If you can make a biscuit, you can make a scone. That’s all they are really; sweet biscuits that you can have for breakfast or tea, preferably with clotted cream. Or, if you put big hunks of chocolate in your scones, you can skip the clotted cream.
I’ve talked about my love of scones before. I truly believe they are the king of all pastries. Tender and moist and just sweet enough; if my thighs could handle it, I’d eat them daily. Alas, like any good biscuit, butter is the key ingredient; all the others are really just incidental. A basic scone recipe is a blank slate with which you can play, putting any and all ingredients in together. I tend to like slightly more basic scones; give me currants or blueberries any day. But Joy the Baker posted some chocolate orange scones a while back and I couldn’t get them out of my head. In her post, she waxes poetic about Terry’s Chocolate Oranges. I LOVE Terry’s Chocolate Oranges and I get one every year in my stocking for Christmas. If you haven’t jumped on the chocolate-orange bandwagon yet, I suggest you get to your closest confectioner and buy yourself some orangettes (also a fabulous blogger, fwiw); you will be turned, I promise.
So when I found myself with some left-over buttermilk this weekend, I decided to get on it and make me some orange and chocolate scones. Although I used Joy for inspiration, I decided to use a different recipe for my base, one with more buttermilk (that was the point, after all, use the freakin’ buttermilk) and no eggs. I’m not sure I think that eggs belong in scones….does anyone have thoughts on this? Anyways, I turned to Epicurious and found a 13 year-old, 4-fork, 200-review orange-cranberry scone recipe (don’t give me too much credit, it was like the first one that popped up) for my base. Then I modified it, substituting some really, really good, really, really dark chocolate for the cranberries. Lovelies, this is key: use the best, darkest chocolate you can find and hack it into big ole chunks. Scones aren’t meant to be cloyingly sweet and you want a verging-on-bitter chocolate to properly set off the slightly sweet flesh. You want BIG chunks because you don’t want chocolate-flecked scones, you want chocolate-studded scones.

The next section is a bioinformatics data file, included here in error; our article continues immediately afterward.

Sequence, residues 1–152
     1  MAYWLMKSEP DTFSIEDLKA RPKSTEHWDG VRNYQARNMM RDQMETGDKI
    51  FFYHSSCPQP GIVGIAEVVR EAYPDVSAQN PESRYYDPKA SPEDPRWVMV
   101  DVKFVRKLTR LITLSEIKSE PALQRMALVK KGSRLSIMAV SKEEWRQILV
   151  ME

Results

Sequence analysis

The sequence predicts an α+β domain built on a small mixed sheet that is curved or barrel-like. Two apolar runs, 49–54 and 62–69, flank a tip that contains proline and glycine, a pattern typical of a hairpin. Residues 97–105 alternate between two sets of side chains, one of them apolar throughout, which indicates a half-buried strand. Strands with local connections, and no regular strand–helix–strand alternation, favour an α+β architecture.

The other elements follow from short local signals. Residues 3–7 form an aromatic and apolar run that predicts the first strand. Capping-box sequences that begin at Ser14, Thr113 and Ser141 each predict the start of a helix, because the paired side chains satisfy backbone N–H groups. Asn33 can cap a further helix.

I always forget just how totally easy scones are to make. They come together in moments, with nearly no work. There are two things you must remember: keep things cold and do NOT overwork your dough. Cold butter lends to flaky scones and dough that’s just-barely holding together leads to tender ones. The other tip I would give is to make them taller than you think they should be; you will never have a scone that’s too tall in the end, but you can end up with ones that seem too flat. You also have a choice between hands and food processor for incorporating the butter. Since taking pictures slows me down, I opted for a food processor (to keep it cold!), but honestly, fingers are meant for rubbing (For shame! That’s not what I mean!), so don’t be afraid to get in there. There’s no reason that we can’t all have ready-to-bake scones in our freezers at all times (Mum, these are waiting for you!).
Orange and Chocolate Scones
Scones are always better fresh out of the oven. You can freeze the raw, cut scones and bake them from frozen any time; just pull then out of the freezer, thrown them in the oven add a few minutes to the baking time.
3 c all purpose flour
1/3 c sugar + extra for dusting
2 1/2 t baking powder
1 t salt
1/2 t baking soda
1 T grated orange zest
3/4 c (1 1/2 sticks) chilled unsalted butter, cut into 1/2-inch pieces
5 oz 70%-85% dark chocolate, roughly chopped
1 c chilled buttermilk + extra for brushing
2 T orange juice
- Heat oven to 375°F and like baking sheet with parchment
- In a food processor, pulse flour, sugar, baking powder, salt, baking soda and orange zest until just mixed
- Add the butter and pulse just until it forms a course meal. DO NOT OVER MIX!
- Dump into a bowl and stir in chocolate chunks
- Using a fork, incorporate buttermilk and orange juice, just until moist clumps form
- Dump the dough out and gather in a ball, kneading only once or twice until it just holds together
- Pat into a 1″-thick circle and cut into 8 wedges
- Brush each scone with the extra buttermilk and sprinkle with the extra sugar
- Bake on prepared sheet for ~20 minutes or until just golden browned